Maggie: Go ahead. I know you're dying to do this one.

Cassandra: From a Support perspective, a lot of people think that we're wearing sunglasses and have guns and three-piece suits and we're all trying to collect Intel or we're very ops focused, but that's not true at all. There are a lot of support components as we've gone over, there's facilities, there's HR, there's logistics. Then you also have DDI, all the IT perspectives, and then you also have the analysts. Can people from any of those groups also get into more of the operation side? It is possible, but there's lots of people who, frankly, don't want to do that, and I'm honestly one of them. I am happy to stay in the DC area. That's one myth that I always like to bust because, if you don't want to travel, there are jobs at the CIA that don't require travel. It's just making sure that you're applying and positioning yourself to be in those positions. On the flip side of that, if your goal is to be traveling and doing the Op side of things, that's possible too, and it's just positioning yourself accordingly.

AIP: Awesome. Maggie, anything you want to add?

Maggie: Not really. I think she covered it all. When I go out and talk to potential applicants and even high school seniors and juniors, I like to get out in front of them so that they can actually see what the Agency looks like and see themselves as part of the Agency and know that we're not all spies. As Cassandra said, we don't drive around in tinted window cars and we're not planting, microphones every meeting that we go to. There's so much more we can do. That's an opportunity to do that if you want to, but you can also make sure people get paid or work in any of our financial offices or construct a brand-new building that we're using. There's so much to do, and it does really take everybody to accomplish our mission.

AIP: Both of you work with students and Cassandra, you were an intern. Maggie, is there advice you like to give to incoming applicants? And Cassandra, what would you tell someone coming into a similar role you had for the first time as a CIA intern?

Maggie: A lot of my job is to go out and inform potential applicants or even high school juniors and seniors of all the different opportunities that we provide. We like to start very early since we do have a lengthy application process, and applicants have to obtain a security clearance prior to working here. What we try to do is plant a seed to set these individuals up for a successful application processing, which means that we're telling them, about our anti-drug policy, we're telling them about illegal downloading. We're making sure that they know that we are not perfect and that we depend on candor and total open communication during the processing. We know nobody's perfect, but it's better to just go in there and tell all your secrets to the application processing person, to show that there are no surprises because eventually they will find out. That shows you're not perfect, but you are willing to tell the truth when you need to. And that you will always, always be a hundred percent honest in your application process, and everything to that nature. My boss would absolutely kill me if I didn't give a plug for our scholarship applications, which are now open. We are currently accepting scholarship applications. It closes at the end of June, so June 27th, and it is currently open. Internship applications, however, are accepted year-round.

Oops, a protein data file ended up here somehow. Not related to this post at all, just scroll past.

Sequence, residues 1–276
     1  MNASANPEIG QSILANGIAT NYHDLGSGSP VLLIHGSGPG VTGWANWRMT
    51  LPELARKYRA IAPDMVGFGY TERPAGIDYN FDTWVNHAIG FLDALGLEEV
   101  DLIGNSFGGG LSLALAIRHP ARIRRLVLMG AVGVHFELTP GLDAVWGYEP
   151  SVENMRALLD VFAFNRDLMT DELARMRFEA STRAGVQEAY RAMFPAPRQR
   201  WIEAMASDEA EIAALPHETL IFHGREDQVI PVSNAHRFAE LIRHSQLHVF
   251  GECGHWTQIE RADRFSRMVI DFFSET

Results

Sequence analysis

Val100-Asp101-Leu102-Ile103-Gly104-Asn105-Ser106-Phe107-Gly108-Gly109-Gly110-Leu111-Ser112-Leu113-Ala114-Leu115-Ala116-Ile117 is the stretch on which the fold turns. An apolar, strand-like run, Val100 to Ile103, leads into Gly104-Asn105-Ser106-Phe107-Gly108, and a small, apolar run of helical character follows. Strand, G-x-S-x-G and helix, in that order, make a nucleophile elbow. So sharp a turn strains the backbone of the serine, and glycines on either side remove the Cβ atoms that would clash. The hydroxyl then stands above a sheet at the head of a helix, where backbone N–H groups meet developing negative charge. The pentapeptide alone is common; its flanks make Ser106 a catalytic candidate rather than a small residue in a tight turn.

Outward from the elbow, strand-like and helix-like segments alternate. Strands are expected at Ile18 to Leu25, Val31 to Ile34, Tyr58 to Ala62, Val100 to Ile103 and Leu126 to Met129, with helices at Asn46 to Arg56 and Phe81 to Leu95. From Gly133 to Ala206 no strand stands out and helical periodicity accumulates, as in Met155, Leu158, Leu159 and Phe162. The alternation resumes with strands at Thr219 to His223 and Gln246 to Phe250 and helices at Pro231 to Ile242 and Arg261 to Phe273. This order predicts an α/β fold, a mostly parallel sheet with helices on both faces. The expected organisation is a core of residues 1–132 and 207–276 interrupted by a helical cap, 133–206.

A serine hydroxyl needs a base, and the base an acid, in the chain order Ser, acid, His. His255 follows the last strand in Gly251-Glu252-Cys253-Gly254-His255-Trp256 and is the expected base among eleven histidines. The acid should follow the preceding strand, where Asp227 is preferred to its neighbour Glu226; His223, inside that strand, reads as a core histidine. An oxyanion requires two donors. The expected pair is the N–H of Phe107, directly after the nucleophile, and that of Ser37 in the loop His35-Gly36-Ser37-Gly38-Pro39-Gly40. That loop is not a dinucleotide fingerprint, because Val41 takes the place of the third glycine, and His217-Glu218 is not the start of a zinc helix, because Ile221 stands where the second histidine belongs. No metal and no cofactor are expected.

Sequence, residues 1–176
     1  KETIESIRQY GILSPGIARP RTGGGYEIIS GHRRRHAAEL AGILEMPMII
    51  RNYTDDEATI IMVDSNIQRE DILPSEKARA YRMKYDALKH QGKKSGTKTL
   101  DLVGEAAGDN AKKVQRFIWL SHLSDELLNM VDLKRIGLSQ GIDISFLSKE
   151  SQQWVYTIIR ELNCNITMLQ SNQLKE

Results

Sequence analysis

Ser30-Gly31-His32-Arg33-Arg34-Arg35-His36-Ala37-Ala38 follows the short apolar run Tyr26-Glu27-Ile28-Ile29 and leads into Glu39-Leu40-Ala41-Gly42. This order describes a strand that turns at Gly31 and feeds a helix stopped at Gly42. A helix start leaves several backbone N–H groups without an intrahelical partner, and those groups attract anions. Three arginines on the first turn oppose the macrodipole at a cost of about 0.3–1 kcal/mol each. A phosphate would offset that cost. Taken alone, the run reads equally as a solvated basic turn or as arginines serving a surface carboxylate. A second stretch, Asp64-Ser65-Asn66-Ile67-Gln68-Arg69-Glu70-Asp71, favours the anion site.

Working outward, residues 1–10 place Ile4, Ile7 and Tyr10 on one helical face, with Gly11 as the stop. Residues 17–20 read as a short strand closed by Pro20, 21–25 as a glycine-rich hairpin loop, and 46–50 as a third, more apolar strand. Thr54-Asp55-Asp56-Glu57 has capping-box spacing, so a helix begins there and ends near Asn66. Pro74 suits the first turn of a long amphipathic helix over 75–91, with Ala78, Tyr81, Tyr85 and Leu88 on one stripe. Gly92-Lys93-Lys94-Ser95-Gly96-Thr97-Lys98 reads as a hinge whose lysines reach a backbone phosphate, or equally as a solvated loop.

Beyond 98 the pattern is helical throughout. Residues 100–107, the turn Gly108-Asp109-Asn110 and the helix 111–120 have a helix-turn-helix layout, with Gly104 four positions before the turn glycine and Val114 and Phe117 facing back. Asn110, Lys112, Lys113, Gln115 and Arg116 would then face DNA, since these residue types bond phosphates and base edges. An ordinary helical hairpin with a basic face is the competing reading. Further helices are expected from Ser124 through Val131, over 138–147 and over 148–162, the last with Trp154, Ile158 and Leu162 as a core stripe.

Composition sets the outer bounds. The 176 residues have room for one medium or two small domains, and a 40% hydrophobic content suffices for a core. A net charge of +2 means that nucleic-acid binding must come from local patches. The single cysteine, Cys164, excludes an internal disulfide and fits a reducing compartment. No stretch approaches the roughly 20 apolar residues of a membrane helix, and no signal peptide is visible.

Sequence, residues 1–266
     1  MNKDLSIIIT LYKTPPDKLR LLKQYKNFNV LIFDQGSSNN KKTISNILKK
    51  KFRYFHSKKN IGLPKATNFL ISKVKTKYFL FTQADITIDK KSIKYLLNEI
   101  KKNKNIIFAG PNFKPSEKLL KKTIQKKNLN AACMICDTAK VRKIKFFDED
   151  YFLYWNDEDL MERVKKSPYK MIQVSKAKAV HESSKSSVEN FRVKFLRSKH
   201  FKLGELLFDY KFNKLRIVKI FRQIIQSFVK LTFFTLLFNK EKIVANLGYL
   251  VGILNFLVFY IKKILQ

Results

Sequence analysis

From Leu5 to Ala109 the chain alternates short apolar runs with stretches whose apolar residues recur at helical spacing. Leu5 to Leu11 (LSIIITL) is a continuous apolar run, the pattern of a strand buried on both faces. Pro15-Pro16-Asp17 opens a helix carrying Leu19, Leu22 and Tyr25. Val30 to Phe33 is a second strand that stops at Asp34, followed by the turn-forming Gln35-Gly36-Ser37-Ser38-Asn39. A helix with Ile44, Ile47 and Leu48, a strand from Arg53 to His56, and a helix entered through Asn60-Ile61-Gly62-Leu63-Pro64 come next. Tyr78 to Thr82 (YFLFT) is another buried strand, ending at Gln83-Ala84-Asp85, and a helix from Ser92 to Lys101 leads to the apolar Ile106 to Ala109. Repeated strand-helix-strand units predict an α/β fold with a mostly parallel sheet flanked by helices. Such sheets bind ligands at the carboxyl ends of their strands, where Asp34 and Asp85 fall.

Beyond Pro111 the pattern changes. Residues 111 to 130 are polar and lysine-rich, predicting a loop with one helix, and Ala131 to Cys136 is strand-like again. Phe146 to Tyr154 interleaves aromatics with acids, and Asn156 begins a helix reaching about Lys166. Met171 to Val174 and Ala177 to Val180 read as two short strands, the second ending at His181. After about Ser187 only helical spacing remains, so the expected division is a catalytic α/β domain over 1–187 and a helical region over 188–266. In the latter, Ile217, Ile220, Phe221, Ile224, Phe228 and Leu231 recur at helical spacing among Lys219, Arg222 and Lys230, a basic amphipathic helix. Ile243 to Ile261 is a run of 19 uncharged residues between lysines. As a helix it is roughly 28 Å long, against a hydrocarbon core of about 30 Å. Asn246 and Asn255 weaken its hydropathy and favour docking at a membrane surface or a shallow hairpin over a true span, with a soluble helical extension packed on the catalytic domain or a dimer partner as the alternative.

AIP: Cassandra, what about you? What would you say to someone coming into the position you had as an intern for the first time?

Cassandra: This is probably applicable to any internship, private or government, but one thing I was complimented on at the end of my internship was how positive of an attitude I had every single day. I came into work with a smile. I didn't realize I was doing that, but it didn't go unnoticed by my management, and that's probably what helped me to get a full-time job. Sometimes interns feel like they aren't making an impact, because they may not be seeing the direct impact themselves by virtue of how short their time with us. Come in ready to learn, exuding positive energy because we thrive off that as well. Interns with their new ideas, and optimism for the future really refreshes the organization. We're all really looking forward to our interns who are starting to trickle in for the summer. It is what gives us a drive to keep doing our job every day. I would tell any intern regardless of where you're going to work, because there's a lot to learn wherever you go, as long as you go in with the attitude to learn.

AIP: That's great advice. Thank you both for your time and all you do to keep us safe.